reconsider the evidence both on facts  and  law  upon  which  the  order  of
acquittal is passed. But the court has to be very  cautious  in  interfering
with an appeal unless  there  are  compelling  and  substantial  grounds  to
interfere with the order of acquittal. The appellate Court while passing  an
order has to give clear reasoning for such a conclusion.

It is no doubt true that there cannot be any strait  jacket  formula  as  to
under what circumstances appellate Court can interfere  with  the  order  of
acquittal, but the same depends on facts and circumstances of each case.  In
the case on hand, we have to examine the rationale behind the conclusion  of
the High Court in convicting the  accused  and  the  compelling  reasons  to
deviate from the order of acquittal passed by the Trial Court.

On a thorough analysis of the judgment impugned,  it  is  evident  that  the
High Court has not  recorded  any  reasons  for  partly  setting  aside  the
judgment of the Trial Court which has  acquitted  all  the  accused  persons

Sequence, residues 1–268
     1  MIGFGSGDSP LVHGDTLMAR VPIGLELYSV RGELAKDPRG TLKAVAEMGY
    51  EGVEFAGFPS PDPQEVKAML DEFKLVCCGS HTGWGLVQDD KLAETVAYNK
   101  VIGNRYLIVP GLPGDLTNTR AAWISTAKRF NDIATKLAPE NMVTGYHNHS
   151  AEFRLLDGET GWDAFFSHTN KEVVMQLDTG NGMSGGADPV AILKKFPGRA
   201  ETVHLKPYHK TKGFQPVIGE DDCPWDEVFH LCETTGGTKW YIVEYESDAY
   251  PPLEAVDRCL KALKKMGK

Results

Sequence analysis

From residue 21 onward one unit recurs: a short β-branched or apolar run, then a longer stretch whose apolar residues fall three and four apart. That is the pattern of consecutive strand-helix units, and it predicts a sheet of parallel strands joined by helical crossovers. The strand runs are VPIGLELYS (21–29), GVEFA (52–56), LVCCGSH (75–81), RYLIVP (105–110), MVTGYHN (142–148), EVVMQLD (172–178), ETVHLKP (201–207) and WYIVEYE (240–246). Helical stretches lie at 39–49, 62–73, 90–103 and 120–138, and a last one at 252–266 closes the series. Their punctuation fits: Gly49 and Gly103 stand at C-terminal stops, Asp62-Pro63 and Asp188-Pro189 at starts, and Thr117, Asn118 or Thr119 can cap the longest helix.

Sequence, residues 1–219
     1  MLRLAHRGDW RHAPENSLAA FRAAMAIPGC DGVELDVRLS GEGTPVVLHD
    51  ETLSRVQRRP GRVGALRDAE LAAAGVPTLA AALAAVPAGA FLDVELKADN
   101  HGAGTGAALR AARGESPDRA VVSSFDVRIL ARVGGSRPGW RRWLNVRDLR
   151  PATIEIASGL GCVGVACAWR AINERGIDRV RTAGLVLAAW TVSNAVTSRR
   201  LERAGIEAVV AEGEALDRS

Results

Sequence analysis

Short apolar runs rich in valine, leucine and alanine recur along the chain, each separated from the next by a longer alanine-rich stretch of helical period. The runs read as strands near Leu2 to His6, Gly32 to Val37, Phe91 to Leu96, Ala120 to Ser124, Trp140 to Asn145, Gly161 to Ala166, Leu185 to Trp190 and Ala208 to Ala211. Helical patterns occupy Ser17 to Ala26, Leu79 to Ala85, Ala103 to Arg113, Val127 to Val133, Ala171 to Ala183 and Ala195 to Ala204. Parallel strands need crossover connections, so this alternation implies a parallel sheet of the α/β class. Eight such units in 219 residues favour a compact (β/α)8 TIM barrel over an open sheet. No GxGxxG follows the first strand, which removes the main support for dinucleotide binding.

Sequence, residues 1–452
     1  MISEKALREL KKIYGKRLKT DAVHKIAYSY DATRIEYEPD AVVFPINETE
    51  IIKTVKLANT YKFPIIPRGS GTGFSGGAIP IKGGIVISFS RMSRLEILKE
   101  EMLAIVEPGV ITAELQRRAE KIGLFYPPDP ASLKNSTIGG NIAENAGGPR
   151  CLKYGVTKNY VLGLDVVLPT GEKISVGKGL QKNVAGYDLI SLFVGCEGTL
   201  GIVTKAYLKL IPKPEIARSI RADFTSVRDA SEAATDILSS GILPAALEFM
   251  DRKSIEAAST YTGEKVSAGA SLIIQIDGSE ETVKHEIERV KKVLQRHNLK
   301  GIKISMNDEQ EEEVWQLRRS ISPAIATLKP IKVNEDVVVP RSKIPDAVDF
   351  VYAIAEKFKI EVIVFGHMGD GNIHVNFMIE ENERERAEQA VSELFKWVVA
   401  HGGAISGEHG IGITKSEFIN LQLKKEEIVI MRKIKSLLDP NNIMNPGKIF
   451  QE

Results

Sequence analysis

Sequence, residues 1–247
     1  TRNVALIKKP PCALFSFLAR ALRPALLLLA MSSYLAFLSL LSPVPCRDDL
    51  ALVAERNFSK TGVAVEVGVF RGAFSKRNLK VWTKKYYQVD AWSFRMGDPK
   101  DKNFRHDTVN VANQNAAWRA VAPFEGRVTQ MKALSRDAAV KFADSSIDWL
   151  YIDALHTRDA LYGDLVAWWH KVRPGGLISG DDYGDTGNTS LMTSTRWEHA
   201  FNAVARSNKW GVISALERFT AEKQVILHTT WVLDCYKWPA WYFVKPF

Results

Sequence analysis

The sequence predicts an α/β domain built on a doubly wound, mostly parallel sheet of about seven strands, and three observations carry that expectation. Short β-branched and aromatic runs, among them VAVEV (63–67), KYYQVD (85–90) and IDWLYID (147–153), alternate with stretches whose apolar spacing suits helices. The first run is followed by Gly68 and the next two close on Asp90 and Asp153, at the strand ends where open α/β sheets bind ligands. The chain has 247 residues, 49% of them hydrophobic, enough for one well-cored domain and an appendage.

from the same set of facts before it. The High Court  which  has  set  aside
the acquittal order of the Trial Court has observed  that  the  Trial  Court
has based its reasoning on guess work. We find it that even the  High  Court
has committed the same mistake and basing on the same facts and  guess  work
has arrived at the conclusion that the appellant is guilty.

It is specifically urged by the learned counsel for the  appellant  that  as
per the medical  evidence,  the  injuries  sustained  by  the  deceased  are
possible only when the assaulter stands at a height  above  the  victim.  In
this process, the court has guessed that Mahavir  Singh  (accused-appellant)
and Jagannath (deceased) were of similar height which is nobody’s  case  and
no evidence is available on record to come to a conclusion that  the  height
of the two is same. The evidence available on record in  this  regard  is  a
statement of Dr. A.K. Upadhyay (PW 12) that  the  deceased  was  of  average
Height. Now in order to establish that the bullet  traveled  in  a  downward